Obama Seeks to Eliminate Tax Benefits for Multinational Corporations
by Jocelyn Yin*, 6/24/2009
The Obama Administration continues to look for ways to find tax revenue and as a result, several significant tax breaks for multinational companies may be on the chopping block. During the Bush and Clinton Administrations, it became easier for controlled foreign corporations (CFCs) to conduct financial transactions between offshore subsidiaries at much-lower effective tax rates (or in some cases, tax-free). If Obama gets his wish, these tax breaks will not be renewed at the end of 2010 and the Joint Committee on Taxation estimates will result in an increase of $31-86.5 billion in tax revenue from 2011-2019.
The “CFC look-through” rules were originally designed to help multinational corporations simplify or organize their numerous subsidiaries without an extensive tussle with the IRS. However, Obama is concerned that the policies provide perverse incentives for companies to create off-shore subsidiaries. A classic example of the (ab)use of this “look-through rule” is when a company moves its profits into tax havens located in countries with low corporate taxation. The company then borrows money from the tax haven and subsequent interest payments become tax-deductible on the U.S. side and tax-free in the tax haven. In addition to the tax implications, Obama feels that this policy wrongly rewards companies that move operations (e.g. jobs) out of the United States.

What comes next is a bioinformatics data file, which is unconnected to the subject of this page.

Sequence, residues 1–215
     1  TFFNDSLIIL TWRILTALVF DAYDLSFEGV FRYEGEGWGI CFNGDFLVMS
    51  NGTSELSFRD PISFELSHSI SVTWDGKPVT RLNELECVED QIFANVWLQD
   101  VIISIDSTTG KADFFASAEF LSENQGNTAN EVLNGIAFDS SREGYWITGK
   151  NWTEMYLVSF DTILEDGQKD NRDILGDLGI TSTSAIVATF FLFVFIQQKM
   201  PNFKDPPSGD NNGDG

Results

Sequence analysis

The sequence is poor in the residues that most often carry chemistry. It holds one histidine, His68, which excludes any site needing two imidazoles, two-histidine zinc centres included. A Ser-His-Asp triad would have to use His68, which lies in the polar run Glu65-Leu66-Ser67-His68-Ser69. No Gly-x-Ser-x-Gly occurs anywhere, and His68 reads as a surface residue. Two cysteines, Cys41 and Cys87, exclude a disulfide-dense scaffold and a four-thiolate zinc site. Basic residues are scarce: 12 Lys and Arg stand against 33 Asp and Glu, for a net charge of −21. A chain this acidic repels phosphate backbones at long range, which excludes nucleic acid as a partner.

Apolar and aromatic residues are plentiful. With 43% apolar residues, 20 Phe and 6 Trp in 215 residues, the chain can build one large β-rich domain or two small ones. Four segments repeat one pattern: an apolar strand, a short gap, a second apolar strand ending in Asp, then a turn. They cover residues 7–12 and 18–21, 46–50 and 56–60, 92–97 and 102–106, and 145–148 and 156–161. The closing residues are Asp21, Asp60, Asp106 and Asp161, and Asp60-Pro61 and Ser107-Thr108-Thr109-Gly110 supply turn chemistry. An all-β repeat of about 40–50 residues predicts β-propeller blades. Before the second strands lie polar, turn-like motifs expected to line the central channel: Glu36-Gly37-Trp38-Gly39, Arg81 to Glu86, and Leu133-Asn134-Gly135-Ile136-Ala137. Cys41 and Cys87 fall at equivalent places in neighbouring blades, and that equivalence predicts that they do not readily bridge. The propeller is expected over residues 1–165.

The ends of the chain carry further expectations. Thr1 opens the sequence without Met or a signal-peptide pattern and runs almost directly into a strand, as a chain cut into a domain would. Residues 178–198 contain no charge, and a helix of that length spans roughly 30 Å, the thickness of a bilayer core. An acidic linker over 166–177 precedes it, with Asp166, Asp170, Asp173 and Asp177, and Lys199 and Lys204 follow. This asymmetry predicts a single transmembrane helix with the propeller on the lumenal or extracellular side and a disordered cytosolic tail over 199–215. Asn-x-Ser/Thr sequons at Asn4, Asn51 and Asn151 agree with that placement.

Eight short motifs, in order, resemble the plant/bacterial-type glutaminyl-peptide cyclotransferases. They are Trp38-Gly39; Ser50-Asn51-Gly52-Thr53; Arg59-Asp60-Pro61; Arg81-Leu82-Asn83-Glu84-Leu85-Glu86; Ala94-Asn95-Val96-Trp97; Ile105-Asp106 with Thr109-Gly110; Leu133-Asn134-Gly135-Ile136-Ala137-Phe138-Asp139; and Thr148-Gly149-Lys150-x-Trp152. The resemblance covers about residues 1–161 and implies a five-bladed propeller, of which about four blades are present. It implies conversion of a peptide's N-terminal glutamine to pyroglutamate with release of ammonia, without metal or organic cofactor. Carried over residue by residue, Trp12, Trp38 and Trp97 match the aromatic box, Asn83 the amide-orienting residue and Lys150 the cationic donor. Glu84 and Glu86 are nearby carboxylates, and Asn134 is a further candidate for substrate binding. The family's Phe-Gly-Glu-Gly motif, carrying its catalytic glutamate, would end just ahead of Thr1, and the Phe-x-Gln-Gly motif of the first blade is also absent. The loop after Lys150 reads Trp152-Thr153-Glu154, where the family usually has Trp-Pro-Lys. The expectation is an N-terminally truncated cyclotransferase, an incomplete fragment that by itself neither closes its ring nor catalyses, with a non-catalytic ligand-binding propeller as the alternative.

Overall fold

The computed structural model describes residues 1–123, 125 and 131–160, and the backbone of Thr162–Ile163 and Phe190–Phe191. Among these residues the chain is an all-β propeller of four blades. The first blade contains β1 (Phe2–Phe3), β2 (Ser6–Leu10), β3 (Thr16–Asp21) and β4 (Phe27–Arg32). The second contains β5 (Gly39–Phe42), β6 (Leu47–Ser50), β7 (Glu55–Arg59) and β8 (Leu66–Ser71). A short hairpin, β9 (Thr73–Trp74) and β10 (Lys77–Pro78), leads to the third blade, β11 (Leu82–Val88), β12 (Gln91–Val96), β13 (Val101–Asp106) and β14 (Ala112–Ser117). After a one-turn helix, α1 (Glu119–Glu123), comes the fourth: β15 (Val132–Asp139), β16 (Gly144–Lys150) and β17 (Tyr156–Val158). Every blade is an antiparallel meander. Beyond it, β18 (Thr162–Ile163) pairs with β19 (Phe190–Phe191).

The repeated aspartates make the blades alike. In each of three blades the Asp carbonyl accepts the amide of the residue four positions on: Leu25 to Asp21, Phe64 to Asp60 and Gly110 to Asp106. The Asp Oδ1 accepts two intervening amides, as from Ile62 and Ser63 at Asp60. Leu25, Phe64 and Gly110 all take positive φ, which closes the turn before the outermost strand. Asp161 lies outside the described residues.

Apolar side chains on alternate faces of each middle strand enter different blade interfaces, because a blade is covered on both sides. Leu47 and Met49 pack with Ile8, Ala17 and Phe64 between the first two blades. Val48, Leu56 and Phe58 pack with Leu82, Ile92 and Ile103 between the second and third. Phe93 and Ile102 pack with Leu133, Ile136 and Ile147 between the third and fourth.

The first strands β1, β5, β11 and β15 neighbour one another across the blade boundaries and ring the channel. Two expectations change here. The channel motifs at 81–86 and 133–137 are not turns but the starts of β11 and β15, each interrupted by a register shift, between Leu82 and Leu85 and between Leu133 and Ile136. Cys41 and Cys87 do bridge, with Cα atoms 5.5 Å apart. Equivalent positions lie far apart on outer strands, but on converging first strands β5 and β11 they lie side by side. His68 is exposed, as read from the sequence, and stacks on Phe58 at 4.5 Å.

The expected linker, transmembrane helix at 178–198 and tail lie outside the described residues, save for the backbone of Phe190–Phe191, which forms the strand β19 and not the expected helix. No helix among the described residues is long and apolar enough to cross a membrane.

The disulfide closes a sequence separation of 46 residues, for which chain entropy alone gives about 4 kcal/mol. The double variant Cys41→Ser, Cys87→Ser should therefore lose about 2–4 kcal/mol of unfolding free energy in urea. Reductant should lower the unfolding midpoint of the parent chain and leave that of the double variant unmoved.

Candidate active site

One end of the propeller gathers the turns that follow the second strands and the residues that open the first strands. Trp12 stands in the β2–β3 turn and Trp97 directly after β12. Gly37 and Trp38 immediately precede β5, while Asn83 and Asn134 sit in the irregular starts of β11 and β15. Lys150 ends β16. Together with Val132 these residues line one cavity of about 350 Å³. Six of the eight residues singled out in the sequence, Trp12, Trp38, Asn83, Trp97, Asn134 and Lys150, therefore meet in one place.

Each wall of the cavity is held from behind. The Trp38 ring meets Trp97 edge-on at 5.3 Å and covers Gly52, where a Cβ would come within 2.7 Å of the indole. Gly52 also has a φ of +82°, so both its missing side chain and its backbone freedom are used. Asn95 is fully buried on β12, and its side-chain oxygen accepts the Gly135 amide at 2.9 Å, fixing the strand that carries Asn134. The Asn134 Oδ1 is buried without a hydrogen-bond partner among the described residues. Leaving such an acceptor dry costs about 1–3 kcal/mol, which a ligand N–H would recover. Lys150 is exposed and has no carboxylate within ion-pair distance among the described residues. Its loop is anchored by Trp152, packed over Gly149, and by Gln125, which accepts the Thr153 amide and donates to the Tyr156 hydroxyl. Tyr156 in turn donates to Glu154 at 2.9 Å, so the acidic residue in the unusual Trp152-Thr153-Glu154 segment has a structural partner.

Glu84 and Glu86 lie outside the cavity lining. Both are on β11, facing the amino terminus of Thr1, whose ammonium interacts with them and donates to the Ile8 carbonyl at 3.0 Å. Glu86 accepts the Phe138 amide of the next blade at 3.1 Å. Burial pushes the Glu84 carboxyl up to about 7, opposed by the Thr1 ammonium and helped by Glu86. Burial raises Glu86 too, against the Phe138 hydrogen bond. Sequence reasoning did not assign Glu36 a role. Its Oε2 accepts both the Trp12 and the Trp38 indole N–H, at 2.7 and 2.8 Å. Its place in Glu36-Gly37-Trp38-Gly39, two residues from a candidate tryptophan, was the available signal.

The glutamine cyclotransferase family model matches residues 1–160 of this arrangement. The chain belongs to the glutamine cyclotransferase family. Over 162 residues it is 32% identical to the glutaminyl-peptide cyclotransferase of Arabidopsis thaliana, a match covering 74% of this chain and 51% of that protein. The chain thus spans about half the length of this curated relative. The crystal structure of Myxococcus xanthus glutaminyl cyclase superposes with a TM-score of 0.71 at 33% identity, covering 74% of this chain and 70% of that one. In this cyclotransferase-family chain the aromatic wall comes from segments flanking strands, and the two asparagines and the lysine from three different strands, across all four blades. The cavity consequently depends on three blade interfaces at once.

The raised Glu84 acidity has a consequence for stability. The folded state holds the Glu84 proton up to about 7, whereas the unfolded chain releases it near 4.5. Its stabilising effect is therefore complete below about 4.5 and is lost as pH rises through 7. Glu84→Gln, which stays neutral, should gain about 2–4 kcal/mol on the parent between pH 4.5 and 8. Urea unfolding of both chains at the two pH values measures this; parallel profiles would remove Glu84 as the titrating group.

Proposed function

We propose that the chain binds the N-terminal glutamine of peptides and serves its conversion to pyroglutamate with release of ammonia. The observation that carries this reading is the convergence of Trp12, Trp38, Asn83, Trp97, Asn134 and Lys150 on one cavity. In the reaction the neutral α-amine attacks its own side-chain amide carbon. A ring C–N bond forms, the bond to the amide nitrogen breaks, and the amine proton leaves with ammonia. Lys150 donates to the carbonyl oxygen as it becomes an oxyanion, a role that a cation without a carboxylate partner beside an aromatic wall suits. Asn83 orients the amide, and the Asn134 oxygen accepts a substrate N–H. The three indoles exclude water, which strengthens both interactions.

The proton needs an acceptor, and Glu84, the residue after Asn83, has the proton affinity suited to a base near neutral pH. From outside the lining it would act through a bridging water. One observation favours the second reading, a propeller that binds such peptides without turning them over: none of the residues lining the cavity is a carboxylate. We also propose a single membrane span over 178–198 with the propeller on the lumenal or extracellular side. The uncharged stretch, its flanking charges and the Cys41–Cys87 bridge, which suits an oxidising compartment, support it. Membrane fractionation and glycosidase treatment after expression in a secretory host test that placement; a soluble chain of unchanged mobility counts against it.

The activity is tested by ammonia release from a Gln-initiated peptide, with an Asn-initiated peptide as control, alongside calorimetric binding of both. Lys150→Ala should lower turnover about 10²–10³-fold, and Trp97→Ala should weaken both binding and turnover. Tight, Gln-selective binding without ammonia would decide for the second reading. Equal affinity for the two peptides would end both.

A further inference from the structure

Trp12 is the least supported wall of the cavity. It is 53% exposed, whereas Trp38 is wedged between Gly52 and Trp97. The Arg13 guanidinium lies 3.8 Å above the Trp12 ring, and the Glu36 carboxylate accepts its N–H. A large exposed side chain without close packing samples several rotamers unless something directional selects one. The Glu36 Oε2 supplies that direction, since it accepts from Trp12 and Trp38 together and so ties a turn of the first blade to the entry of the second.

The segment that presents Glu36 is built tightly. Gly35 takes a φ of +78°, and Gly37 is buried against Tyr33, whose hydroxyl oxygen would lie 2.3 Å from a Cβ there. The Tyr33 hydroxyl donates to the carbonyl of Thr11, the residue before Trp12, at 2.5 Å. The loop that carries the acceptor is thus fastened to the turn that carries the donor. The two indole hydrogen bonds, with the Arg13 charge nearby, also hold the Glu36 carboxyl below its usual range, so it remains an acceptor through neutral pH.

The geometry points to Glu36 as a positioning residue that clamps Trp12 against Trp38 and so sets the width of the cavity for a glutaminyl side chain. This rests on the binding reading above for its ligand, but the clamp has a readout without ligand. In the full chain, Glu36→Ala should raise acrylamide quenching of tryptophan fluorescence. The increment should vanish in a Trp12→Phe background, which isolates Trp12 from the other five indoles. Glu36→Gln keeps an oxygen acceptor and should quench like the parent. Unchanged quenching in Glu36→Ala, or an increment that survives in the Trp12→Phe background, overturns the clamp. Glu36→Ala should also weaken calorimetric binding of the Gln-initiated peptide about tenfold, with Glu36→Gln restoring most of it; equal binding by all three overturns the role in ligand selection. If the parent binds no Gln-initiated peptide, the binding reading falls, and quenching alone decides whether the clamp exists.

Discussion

If the tax breaks are not renewed, it would represent the biggest tax increases on American corporations in over two decades. As public concern over the federal deficit and overall debt management continues to rise, Obama would love to be able to raise some tax revenue and close this loophole as a sign of responsible fiscal management. Multinationals would need to register their foreign subsidiaries as CFCs and would no longer be able to use the “check-the-box” rules to move the money out of the hands of tax authorities. In addition to discontinuing the look-through rules, Obama will try to limit companies’ ability to defer taxes on foreign profits ($60.1 billion) and look to eliminate abusive foreign tax credits ($43 billion).
Opponents of the proposed policies argue that without these tax policies, it places the United States at a disadvantage relative to companies that are based in other countries and which may receive more favorable tax treatment for foreign subsidiaries. These laws currently affect companies in numerous industries, from technology to manufacturing to drug companies. Multinational corporations have a substantial lobbying presence in Washington and will undoubtedly try to prevent the expiration of the policies.
Bloomgberg: Obama Seeks End of Corporate Tax Break to Raise $190 Billion
Government Accountability Office: Comparison of the Reported Tax Liabilities of Foreign and U.S.-Controlled Corporations, 1998-2005
CongressDaily: Administration Not Expected to Extend a Break Beyond 2010
Image by Flickr user john581, used under a Creative Commons license.